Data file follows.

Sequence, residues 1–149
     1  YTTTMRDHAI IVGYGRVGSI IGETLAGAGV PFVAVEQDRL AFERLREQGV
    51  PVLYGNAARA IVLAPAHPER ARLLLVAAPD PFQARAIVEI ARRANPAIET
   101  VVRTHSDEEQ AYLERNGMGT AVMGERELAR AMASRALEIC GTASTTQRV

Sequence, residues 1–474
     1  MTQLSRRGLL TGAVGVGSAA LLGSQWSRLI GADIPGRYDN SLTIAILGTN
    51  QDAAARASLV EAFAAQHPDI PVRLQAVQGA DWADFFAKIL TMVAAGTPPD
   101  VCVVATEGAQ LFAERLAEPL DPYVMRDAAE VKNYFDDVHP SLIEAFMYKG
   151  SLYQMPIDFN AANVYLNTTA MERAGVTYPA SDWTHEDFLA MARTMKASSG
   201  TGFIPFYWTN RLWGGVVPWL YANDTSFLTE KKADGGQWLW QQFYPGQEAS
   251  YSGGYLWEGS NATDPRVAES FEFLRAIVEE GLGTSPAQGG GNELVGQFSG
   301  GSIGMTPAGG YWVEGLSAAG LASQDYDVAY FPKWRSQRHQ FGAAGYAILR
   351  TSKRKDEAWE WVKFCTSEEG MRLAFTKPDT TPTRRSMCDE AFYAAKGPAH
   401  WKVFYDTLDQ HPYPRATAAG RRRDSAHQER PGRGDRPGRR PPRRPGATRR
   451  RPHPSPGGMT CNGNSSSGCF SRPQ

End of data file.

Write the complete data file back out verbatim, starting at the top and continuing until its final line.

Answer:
Sequence, residues 1–149
     1  YTTTMRDHAI IVGYGRVGSI IGETLAGAGV PFVAVEQDRL AFERLREQGV
    51  PVLYGNAARA IVLAPAHPER ARLLLVAAPD PFQARAIVEI ARRANPAIET
   101  VVRTHSDEEQ AYLERNGMGT AVMGERELAR AMASRALEIC GTASTTQRV

Sequence, residues 1–474
     1  MTQLSRRGLL TGAVGVGSAA LLGSQWSRLI GADIPGRYDN SLTIAILGTN
    51  QDAAARASLV EAFAAQHPDI PVRLQAVQGA DWADFFAKIL TMVAAGTPPD
   101  VCVVATEGAQ LFAERLAEPL DPYVMRDAAE VKNYFDDVHP SLIEAFMYKG
   151  SLYQMPIDFN AANVYLNTTA MERAGVTYPA SDWTHEDFLA MARTMKASSG
   201  TGFIPFYWTN RLWGGVVPWL YANDTSFLTE KKADGGQWLW QQFYPGQEAS
   251  YSGGYLWEGS NATDPRVAES FEFLRAIVEE GLGTSPAQGG GNELVGQFSG
   301  GSIGMTPAGG YWVEGLSAAG LASQDYDVAY FPKWRSQRHQ FGAAGYAILR
   351  TSKRKDEAWE WVKFCTSEEG MRLAFTKPDT TPTRRSMCDE AFYAAKGPAH
   401  WKVFYDTLDQ HPYPRATAAG RRRDSAHQER PGRGDRPGRR PPRRPGATRR
   451  RPHPSPGGMT CNGNSSSGCF SRPQ